Occurrence of Fungi and Mycotoxins in Some Commercial Baby Foods in North Africa


Aflatoxins, are one of over 200 known mycotoxins produced by filamentous fungi. They are toxic, carcinogenic, and mutagenic and may be present in many raw and processed food commodities including cereals and milk used as ingredients in infant food products. Consumption of these commodities may pose a potential risk to the health of infants. The mycoflora of 84 samples of baby food commercially available in North Africa was determined. The feeds were screened for mycotoxins using thin layer chromatography (TLC) and further analyses were carried for the total aflatoxins by high performance liquid chromatography (HPLC) using a Kobra cell to derivatise the aflatoxins (B1, G1, B2 and G2). Twenty-four fungal isolates were recovered from the samples consisting of 5 Aspergillus. spp, 13 Penicillum. spp, 5 Mucor. spp and an unidentified species Of these, 45.8% of the isolates were found to be mycotoxigenic however only 2.4% of the samples contained aflatoxins (19 to 70 µg·kg–1) and the remaining contained undetectable levels of the toxin. Storage at elevated relative humidity for 7 days showed a slight increase in the fungal counts but the toxin levels were unaffected. The results show the importance of periodic testing regime of ingredients used infant food formula for the presence of fungal contamination.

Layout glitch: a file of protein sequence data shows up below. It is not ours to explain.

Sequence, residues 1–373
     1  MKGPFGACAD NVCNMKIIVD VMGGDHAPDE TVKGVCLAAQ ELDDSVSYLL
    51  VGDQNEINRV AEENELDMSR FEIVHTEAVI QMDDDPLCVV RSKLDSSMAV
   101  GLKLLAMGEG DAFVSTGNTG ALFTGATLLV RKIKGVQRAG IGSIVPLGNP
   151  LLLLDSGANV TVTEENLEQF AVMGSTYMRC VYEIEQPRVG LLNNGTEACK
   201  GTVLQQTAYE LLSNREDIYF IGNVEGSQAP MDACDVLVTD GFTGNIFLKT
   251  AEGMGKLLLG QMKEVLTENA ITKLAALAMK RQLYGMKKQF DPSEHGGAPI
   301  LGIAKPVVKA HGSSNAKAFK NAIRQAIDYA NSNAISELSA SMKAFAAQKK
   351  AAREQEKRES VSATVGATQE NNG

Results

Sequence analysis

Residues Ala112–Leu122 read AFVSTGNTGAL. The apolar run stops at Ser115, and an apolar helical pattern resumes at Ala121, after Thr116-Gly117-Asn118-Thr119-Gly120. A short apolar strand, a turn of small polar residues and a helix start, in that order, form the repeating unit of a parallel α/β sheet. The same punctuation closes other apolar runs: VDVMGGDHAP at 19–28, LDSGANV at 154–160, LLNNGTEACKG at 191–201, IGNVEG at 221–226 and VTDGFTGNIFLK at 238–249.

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K. Aidoo, S. Mohamed, A. Candlish, R. Tester and A. Elgerbi, "Occurrence of Fungi and Mycotoxins in Some Commercial Baby Foods in North Africa," Food and Nutrition Sciences, Vol. 2 No. 7, 2011, pp. 751-758. doi: 10.4236/fns.2011.27103.

Conflicts of Interest

The authors declare no conflicts of interest.


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